MOSCOW, July 6. /TASS/. The first flight model of the new Russian super-heavy carrier rocket will be lightweight due to the use of three, instead of five, rocket modules at the first and second stages, a source in the space rocket industry told TASS on Thursday.
"In order to galvanize work on the super-heavy carrier rocket and save costs at the same time, it is planned to test the first model in 2028, using the lightweight version of the rocket," he said.
As he put it, the rocket was named "Super-Heavy Complex-3" or "Energiya-3" ("Energy-3"), the figures standing for the number of rocket modules at the first and second stages that will be, in fact, the Soyuz-5 medium-lift rockets.
Unlike the Energiya-5 version, capable of lifting about 100 tonnes (the payload needed for a rocket to be called super heavy-lift), its lightweight version will be capable of lifting about 68 to 72 tonnes into space (if the third stage is hydrogen-fueled) and will be a heavy-lift rocket.
It was earlier stated that the start of the new super-rocket’s design might be determined in the coming weeks and would last one and a half or two years. During this time, designers will have to determine the rocket design, its specifications and set out the tasks it may be used for. The document also states the head organization and cooperation on the rocket design.
The Roscosmos state corporation declined to comment on this information.
The first launch of the super-heavy carrier rocket was earlier reported for 2028, whereas its launch pad at the Vostochny Cosmodrome should be ready by 2027. The construction of the launch infrastructure will start after the launch pad for the Angara rocket is complete. As a source in the rocket and space industry said, the launch pad for the super-heavy rocket will be built using the principles implemented for the Energiya carrier rocket at the Baikonur Cosmodrome (site No. 250).
It will be the Universal Stand-Start Complex capable of launching both the Soyuz-5 medium-lift carrier rockets and groups of rockets which may consist of carriers with different payload, including the super-heavy rocket.
In 2016, Energiya Rocket and Space Corporation CEO Vladimir Solntsev presented at a Moscow conference his project of the Energiya-5V super-heavy carrier rocket designed for a manned lunar mission. As he put it, the liquid-hydrogen upper stage for the Angara-A5V carrier will be used in the super-heavy rocket’s design along with the first and second stages of the advanced Soyuz-5 medium-lift rocket.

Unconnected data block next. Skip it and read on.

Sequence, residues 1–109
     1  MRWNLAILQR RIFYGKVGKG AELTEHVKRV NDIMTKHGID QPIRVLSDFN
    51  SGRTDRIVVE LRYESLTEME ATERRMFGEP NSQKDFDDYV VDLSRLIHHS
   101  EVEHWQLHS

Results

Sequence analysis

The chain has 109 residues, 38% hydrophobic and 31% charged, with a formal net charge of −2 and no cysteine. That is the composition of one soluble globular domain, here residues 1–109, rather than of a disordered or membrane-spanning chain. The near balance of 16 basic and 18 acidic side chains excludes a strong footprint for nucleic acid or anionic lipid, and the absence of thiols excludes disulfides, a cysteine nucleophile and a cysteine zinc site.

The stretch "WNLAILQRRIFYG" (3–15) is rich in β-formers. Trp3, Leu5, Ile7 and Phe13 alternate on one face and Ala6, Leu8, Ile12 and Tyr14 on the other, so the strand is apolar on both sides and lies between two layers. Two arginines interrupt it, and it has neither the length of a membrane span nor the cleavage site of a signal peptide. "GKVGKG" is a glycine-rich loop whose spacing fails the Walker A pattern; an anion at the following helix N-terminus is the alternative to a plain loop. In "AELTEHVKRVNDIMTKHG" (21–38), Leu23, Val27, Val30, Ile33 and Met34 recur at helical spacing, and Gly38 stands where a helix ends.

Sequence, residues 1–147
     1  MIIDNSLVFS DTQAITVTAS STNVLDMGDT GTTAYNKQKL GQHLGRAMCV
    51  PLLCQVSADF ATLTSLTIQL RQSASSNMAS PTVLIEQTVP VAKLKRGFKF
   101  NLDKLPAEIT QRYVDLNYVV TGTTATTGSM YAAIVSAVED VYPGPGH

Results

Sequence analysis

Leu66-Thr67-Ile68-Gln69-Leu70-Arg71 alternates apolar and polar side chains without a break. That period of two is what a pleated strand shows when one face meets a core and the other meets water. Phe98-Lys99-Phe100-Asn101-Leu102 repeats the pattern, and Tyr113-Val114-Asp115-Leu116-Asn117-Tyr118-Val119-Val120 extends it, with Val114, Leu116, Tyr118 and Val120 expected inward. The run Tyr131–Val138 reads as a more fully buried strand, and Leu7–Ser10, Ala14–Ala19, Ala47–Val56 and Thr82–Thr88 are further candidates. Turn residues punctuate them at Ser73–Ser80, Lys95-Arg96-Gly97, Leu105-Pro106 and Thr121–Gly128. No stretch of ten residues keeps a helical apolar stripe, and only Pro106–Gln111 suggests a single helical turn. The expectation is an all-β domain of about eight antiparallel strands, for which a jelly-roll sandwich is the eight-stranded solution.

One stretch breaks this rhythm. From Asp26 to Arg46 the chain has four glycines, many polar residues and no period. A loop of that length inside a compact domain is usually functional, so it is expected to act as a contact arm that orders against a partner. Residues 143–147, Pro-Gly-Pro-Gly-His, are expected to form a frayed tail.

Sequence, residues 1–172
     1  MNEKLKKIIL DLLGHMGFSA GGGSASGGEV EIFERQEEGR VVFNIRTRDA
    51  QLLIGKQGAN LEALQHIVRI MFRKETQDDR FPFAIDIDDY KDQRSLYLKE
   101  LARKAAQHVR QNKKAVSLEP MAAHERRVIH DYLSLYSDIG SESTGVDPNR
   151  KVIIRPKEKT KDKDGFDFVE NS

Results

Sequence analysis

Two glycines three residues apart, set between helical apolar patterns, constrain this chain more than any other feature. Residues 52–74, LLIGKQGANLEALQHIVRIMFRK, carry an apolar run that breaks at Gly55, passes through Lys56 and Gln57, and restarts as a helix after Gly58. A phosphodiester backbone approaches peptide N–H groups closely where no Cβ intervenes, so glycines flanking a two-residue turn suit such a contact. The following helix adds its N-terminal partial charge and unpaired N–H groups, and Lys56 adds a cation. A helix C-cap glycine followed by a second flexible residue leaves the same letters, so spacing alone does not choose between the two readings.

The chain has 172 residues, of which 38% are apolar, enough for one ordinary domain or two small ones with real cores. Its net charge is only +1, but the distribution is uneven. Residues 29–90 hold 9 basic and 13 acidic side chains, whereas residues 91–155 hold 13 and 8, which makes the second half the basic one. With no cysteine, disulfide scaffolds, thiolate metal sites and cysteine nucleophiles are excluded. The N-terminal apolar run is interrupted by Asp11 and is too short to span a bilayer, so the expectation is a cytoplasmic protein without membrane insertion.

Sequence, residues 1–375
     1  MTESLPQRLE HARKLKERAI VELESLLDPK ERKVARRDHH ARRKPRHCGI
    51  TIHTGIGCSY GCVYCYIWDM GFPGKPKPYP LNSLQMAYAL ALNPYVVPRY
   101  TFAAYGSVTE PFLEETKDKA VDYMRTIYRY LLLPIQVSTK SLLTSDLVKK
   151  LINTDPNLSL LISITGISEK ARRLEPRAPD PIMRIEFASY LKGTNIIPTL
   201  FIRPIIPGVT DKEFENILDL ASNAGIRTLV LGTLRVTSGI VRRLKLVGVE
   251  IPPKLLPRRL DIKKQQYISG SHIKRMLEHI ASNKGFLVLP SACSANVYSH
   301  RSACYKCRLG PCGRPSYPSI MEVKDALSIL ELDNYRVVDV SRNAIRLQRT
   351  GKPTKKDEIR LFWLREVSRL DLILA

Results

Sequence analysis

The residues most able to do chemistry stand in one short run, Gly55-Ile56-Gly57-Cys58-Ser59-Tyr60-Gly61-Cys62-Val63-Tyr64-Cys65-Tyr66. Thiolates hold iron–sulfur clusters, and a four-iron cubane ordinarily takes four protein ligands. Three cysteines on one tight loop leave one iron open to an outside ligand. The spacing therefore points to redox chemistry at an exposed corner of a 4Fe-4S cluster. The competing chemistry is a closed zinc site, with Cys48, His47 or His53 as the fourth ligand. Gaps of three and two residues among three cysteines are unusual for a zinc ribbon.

The source told TASS later that Energiya had roughly designed two versions of rockets to be built: the Energiya-5V-PTK (liftoff mass of 2,368 tonnes) and the Energyia-5VR-PTK (liftoff mass of 2,346 tonnes).
Both versions are capable of delivering about 100 tonnes of payload into low-earth orbit and 20.5 tonnes to lunar orbit - the estimated mass of the lunar version of the Federatsiya spacecraft. A lunar take-off and landing module can be mounted on a carrier rocket instead of a spacecraft. The Block DM space tug will be used to deliver the Federatsiya spacecraft or a lunar take-off and landing module to the Moon.
According to Roscosmos, the construction of the super-heavy rocket and its infrastructure at the Vostochny Cosmodrome will cost 1.5 trillion rubles ($25 billion). The corporation earlier stated that there was no need to urge the construction of the super-heavy carrier rocket as no payloads were available for it.
According to the Energiya Rocket and Space Corporation, the development of the new Russian super-heavy carrier rocket will be 1.5 times cheaper than the re-production of the Soviet-era Energiya carrier.
The construction of the Energiya rocket and the Buran space shuttle, which were annually financed 1.3 bln rubles ($2.2 mln) by 1985, became the most ambitious program in the history of the domestic space rocket production. The Energiya was first launched on May 15, 1987 from the Baikonur Cosmodrome. It became the first Soviet rocket that used hydrogen fuel at the upper stage, as well as the most powerful domestic rocket.